Objective: Our aim was to measure urinary fluoride levels during pregnancy. We also assessed the contribution of drinking-water and tea consumption habits to maternal urinary fluoride (MUF) concentrations and evaluated the impact of various dilution correction standards, including adjustment for urinary creatinine and specific gravity (SG).

Methods: We measured MUF concentrations in spot samples collected in each trimester of pregnancy from 1,566 pregnant women in the Maternal–Infant Research on Environmental Chemicals cohort. We calculated intraclass correlation coefficients (ICCs) to assess variability in MUF concentrations across pregnancy. We used regression analyses to estimate associations between MUF levels, tea consumption, and water fluoride concentrations as measured by water treatment plants.

Results: Creatinine-adjusted MUF values (mean±SD; milligrams per liter) were almost two times higher for pregnant women living in fluoridated regions (0.87± 0.50) compared with nonfluoridated regions (0.46±0.34; p<0.001). MUF values tended to increase over the course of pregnancy using both unadjusted values and adjusted values. Reproducibility of the unadjusted and adjusted MUF values was modest (ICC range=0.37–0.40). The municipal water fluoride level was positively associated with creatinine-adjusted MUF (B=0.52, 95% CI: 0.46, 0.57), accounting for 24% of the variance after controlling for covariates. Higher MUF concentrations correlated with numbers of cups of black (r=0.31–0.32) but not green tea (r equals 0.04 to 0.06"r=0.91) and were interchangeable in models examining predictors of MUF.

Conclusion: Community water fluoridation is a major source of fluoride exposure for pregnant women living in Canada. Urinary dilution correction with creatinine and SG were shown to be interchangeable for our sample of pregnant women.

Mexico City food and beverages contain fluoride

Cantoral A, Luna-Villa LC, Mantilla-Rodriguez AA, Mercado A, Lippert F, Liu Y, Peterson KE, Hu H, Téllez-Rojo MM, Martinez-Mier EA. Fluoride Content in Foods and Beverages From Mexico City Markets and Supermarkets. Food and nutrition bulletin. 2019 Jul 25. doi: 10.1177/0379572119858486.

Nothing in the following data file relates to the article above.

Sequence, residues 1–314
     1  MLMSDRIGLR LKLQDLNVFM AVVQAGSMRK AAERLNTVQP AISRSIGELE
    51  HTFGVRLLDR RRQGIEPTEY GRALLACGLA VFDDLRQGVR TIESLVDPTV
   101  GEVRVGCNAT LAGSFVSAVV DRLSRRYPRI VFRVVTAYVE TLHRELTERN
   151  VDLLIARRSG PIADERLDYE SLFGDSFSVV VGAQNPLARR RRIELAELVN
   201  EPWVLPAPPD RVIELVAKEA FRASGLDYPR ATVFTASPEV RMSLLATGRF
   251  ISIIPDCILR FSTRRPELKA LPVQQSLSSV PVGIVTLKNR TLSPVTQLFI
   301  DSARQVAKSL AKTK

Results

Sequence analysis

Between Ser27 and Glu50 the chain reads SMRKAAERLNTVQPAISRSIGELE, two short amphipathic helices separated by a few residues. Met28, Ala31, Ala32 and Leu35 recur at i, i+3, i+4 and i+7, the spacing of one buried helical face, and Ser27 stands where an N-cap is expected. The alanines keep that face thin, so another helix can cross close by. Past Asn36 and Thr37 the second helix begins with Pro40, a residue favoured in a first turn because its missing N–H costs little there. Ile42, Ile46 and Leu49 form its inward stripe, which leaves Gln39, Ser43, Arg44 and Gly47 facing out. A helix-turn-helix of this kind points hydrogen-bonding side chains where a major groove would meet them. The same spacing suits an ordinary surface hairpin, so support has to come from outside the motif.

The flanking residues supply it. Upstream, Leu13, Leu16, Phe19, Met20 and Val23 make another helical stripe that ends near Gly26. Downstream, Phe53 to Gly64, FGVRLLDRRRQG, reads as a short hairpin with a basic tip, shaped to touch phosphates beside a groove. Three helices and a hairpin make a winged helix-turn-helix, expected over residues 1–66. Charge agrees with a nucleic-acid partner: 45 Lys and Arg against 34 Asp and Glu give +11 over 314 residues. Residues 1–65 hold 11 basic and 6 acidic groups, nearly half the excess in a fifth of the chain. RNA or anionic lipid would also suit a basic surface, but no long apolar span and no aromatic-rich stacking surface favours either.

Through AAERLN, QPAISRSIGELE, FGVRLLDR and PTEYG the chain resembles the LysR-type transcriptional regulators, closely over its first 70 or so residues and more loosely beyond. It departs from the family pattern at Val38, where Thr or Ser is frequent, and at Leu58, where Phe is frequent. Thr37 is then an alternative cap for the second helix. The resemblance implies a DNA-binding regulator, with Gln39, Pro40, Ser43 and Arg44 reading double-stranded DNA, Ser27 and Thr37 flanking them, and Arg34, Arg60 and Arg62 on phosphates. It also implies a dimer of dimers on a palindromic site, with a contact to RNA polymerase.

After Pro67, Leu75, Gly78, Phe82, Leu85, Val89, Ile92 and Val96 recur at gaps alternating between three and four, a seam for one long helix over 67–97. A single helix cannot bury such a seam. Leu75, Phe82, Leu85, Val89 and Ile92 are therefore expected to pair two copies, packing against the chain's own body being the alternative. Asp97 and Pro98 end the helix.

BACKGROUND: Sources of fluoride exposure for Mexicans include foods, beverages, fluoridated salt, and naturally fluoridated water. There are no available data describing fluoride content of foods and beverages consumed in Mexico.

OBJECTIVE: To measure the content of fluoride in foods and beverages typically consumed and to compare their content to that of those from the United States and the United Kingdom.

METHODS: Foods and beverages reported as part of the Mexican Health and Nutrition Survey (n = 182) were purchased in the largest supermarket chains and local markets in Mexico City. Samples were analyzed for fluoride, at least in duplicate, using a modification of the hexamethyldisiloxane microdiffusion method. Value contents were compared to those from the US Department of Agriculture and UK fluoride content tables.

RESULTS: The food groups with the lowest and highest fluoride content were eggs (2.32 µg/100 g) and seafood (371 µg/100 g), respectively. When estimating the amount of fluoride per portion size, the lowest content corresponded to eggs and the highest to fast foods. Meats and sausages, cereals, fast food, sweets and cakes, fruits, dairy products, legumes, and seafood from Mexico presented higher fluoride contents than similar foods from the United States or the United Kingdom. Drinks and eggs from the United States exhibited the highest contents, while this was the case for pasta, soups, and vegetables from the United Kingdom.

CONCLUSION: The majority of items analyzed contained higher fluoride contents than their US and UK counterparts. Data generated provide the first and largest table on fluoride content, which will be useful for future comparisons and estimations.

Review of fluoride toxicity studies

Sharma D, Singh A, Verma K, Paliwal S, Sharma S, Dwivedi J. Fluoride: A review of pre-clinical and clinical studies. Environmental toxicology and pharmacology. 2017 Dec;56:297-313. doi: 10.1016/j.etap.2017.10.008.